Want to give your workflow for signing administrative or commercial documents a boost? Then we bet that this question has been playing on your mind!
- What is the difference between an electronic signature and a scanned signature?
- What legal value does each have?
- Which one is right for your needs?
Let us clear things up for you!
💝And as a little extra...a graphic summing it all up.
Electronic signature 🔝
☝️Synonym: digital signature
Electronic signature, or eSignature, is a technical and legal process enabling individuals to express their consent and approval of digital documents.
The advent of digital technology.
The French Law of 21 June 2004 on Confidence in the Digital Economy accelerated the process by imposing a number of obligations designed to regulate digital interactions.
An electronic signature is legally binding: it is covered by the European Union’s eIDAS Regulation, transposed into French law in Articles 1366 and 1367 of the Civil Code.
In other words, an electronic signature is authoritative in the event of a legal dispute, as it makes it possible to:
- identify the signatory;
- establish proof of the signatory’s consent;
- guarantee suitable conditions to preserve the integrity of the document and the signature.
The above-mentioned European Regulation defines three levels of signature:
✒ simple electronic signature (SES)
✒ advanced electronic signature (AES)
✒ qualified electronic signature (QES)
These are distinguished by their respective security levels and the stages involved in validating the signatory’s identity, which are less thorough in the first case.
Side note: Simple electronic signature is nevertheless the most widely used type in most cases. It offers a sufficient level of security for signing most documents.
It is up to the user to determine the most appropriate level based on their security needs and usage practices.
Speaking of security, how does it work?
eSignature uses a public key cryptography process that links an electronic certificate to the signed data.
➡ Want to know more?
Check out our article on the three levels of electronic signature.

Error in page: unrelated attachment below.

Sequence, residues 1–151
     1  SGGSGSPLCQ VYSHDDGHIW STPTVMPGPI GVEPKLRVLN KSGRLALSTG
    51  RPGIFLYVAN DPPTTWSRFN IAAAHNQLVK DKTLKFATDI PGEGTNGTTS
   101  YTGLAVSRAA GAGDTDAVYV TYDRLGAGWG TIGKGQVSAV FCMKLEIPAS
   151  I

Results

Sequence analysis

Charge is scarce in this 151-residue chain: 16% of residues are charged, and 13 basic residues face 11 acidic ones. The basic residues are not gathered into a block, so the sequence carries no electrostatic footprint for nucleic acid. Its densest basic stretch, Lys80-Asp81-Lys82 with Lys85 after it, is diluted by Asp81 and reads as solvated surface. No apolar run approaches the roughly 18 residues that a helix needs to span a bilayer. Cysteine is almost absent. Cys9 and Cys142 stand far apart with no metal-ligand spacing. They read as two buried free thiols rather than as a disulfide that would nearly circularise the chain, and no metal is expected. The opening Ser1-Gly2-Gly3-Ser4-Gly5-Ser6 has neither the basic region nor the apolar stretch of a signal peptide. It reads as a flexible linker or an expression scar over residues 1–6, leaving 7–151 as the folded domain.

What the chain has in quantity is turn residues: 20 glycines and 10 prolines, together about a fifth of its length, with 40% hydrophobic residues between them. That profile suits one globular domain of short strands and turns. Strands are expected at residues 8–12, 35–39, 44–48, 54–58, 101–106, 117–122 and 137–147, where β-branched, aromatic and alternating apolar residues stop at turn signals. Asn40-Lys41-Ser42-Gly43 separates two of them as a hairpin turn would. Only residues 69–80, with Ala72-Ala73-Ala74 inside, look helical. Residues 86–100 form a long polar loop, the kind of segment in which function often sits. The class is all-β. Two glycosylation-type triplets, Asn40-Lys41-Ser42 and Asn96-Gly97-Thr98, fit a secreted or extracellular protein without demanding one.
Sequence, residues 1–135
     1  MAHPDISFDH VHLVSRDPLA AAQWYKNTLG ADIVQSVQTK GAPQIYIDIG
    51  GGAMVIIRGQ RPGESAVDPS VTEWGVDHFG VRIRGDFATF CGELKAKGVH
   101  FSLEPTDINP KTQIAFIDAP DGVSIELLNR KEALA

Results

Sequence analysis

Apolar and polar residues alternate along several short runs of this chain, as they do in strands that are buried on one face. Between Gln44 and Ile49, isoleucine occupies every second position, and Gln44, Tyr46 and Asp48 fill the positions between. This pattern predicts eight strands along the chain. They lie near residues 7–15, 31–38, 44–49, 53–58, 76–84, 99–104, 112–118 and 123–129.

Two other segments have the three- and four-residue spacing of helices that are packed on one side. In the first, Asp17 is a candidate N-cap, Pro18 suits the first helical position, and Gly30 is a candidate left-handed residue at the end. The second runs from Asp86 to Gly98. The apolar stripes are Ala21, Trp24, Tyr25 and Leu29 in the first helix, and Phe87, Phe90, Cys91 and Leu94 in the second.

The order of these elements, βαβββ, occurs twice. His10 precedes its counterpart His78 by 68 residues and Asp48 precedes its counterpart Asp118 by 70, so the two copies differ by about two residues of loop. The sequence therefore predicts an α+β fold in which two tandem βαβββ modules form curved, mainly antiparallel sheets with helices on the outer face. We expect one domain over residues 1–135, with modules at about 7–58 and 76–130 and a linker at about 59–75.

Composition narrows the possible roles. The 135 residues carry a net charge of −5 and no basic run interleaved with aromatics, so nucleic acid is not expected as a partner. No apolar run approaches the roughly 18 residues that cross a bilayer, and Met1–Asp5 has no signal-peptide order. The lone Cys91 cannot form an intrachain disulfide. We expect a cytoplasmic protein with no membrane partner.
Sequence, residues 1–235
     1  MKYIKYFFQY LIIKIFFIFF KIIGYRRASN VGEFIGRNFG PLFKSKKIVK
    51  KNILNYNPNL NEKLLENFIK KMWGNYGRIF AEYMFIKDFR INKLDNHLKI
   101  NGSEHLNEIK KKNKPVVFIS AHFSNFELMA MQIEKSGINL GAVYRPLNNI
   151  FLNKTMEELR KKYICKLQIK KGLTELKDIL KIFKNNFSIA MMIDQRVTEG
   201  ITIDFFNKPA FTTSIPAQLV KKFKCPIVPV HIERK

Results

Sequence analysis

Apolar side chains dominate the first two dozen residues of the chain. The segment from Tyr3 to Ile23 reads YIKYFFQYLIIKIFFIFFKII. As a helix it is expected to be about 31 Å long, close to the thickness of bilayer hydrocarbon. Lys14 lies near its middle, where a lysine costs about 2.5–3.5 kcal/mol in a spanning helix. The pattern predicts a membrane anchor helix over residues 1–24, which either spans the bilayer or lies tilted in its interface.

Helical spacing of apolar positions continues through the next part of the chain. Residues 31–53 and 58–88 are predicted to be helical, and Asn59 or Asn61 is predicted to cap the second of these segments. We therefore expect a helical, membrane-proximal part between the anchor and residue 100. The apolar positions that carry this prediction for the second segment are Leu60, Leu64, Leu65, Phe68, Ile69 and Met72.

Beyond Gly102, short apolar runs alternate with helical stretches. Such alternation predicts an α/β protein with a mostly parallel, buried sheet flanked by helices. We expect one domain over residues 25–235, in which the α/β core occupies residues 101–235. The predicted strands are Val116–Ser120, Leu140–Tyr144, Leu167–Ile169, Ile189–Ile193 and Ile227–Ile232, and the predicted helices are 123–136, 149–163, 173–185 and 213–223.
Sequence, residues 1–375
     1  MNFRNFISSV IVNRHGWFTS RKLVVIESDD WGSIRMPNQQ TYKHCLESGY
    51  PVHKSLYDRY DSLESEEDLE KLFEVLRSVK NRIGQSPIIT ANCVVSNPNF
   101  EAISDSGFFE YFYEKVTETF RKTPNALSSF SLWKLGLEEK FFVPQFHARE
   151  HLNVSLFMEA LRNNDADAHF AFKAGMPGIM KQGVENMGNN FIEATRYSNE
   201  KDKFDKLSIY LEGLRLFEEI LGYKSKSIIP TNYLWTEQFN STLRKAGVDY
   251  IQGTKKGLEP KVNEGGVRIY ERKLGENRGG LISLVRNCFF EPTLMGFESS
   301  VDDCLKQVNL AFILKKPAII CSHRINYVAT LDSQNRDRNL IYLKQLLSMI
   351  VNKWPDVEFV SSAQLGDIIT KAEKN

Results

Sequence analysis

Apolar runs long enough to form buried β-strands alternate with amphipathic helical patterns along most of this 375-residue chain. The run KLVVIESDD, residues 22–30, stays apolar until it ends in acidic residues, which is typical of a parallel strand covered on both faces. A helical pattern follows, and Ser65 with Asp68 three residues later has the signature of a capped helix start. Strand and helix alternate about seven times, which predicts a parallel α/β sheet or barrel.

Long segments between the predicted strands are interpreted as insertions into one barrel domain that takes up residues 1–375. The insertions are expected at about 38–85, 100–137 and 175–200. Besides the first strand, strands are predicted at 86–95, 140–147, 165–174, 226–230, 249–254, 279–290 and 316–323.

If you have any questions about your company's use of eSignature, the Yousign team can advise you ♀️
Scanned signature 🖨
☝️Synonym: digitised signature
As its name suggests, a scanned signature is a digital image of a handwritten signature.
It is obtained by scanning a paper document that has previously been signed by hand and converting it to digital format (doc, pdf, etc.).
🚨 A scanned handwritten signature has no legal value for several reasons:
- It is impossible to identify the signatory;
- It is impossible to prove their consent to the obligations arising from the document.
In security terms, that means it is easily forged.
A document signed by hand and then scanned does not constitute an original and must be considered as a copy
Indeed, in the absence of proof, a scanned signature is considered to be a copy, and not an authentic signature! It is therefore not legally valid, particularly when contractual documents are concerned.
Side note: even if you add a stage to authenticate the signatory’s identity (via an SMS code, for instance), a scanned signature remains dangerous, as it does not guarantee the integrity of the signed document.
To guarantee legal validity and security, the only viable form of signature is eSignature.
As promised, here is a reminder of the major differences between these two types of signature ⬇
This document is provided for information purposes only. We do not guarantee their completeness, nor do we guarantee that they are up to date and compliant with the applicable regulations. It is not a substitute for legal advice.